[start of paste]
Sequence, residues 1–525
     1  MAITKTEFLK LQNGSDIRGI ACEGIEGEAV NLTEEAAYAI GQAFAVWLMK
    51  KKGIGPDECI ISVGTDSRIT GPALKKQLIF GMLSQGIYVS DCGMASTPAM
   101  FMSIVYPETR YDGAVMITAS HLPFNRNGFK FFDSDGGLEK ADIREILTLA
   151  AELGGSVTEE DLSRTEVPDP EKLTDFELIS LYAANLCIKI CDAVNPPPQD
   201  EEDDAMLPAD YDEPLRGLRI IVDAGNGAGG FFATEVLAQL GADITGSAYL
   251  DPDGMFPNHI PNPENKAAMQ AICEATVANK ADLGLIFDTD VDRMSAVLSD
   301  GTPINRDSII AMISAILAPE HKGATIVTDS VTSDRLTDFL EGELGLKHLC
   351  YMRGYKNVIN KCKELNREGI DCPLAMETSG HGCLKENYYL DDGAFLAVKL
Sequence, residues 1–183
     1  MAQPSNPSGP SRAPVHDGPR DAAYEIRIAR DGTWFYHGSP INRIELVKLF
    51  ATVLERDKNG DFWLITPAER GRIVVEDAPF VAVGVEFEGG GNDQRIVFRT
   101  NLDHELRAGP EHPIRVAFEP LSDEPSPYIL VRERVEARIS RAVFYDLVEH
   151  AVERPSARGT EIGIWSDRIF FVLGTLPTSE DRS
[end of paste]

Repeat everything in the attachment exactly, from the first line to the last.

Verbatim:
Sequence, residues 1–525
     1  MAITKTEFLK LQNGSDIRGI ACEGIEGEAV NLTEEAAYAI GQAFAVWLMK
    51  KKGIGPDECI ISVGTDSRIT GPALKKQLIF GMLSQGIYVS DCGMASTPAM
   101  FMSIVYPETR YDGAVMITAS HLPFNRNGFK FFDSDGGLEK ADIREILTLA
   151  AELGGSVTEE DLSRTEVPDP EKLTDFELIS LYAANLCIKI CDAVNPPPQD
   201  EEDDAMLPAD YDEPLRGLRI IVDAGNGAGG FFATEVLAQL GADITGSAYL
   251  DPDGMFPNHI PNPENKAAMQ AICEATVANK ADLGLIFDTD VDRMSAVLSD
   301  GTPINRDSII AMISAILAPE HKGATIVTDS VTSDRLTDFL EGELGLKHLC
   351  YMRGYKNVIN KCKELNREGI DCPLAMETSG HGCLKENYYL DDGAFLAVKL
Sequence, residues 1–183
     1  MAQPSNPSGP SRAPVHDGPR DAAYEIRIAR DGTWFYHGSP INRIELVKLF
    51  ATVLERDKNG DFWLITPAER GRIVVEDAPF VAVGVEFEGG GNDQRIVFRT
   101  NLDHELRAGP EHPIRVAFEP LSDEPSPYIL VRERVEARIS RAVFYDLVEH
   151  AVERPSARGT EIGIWSDRIF FVLGTLPTSE DRS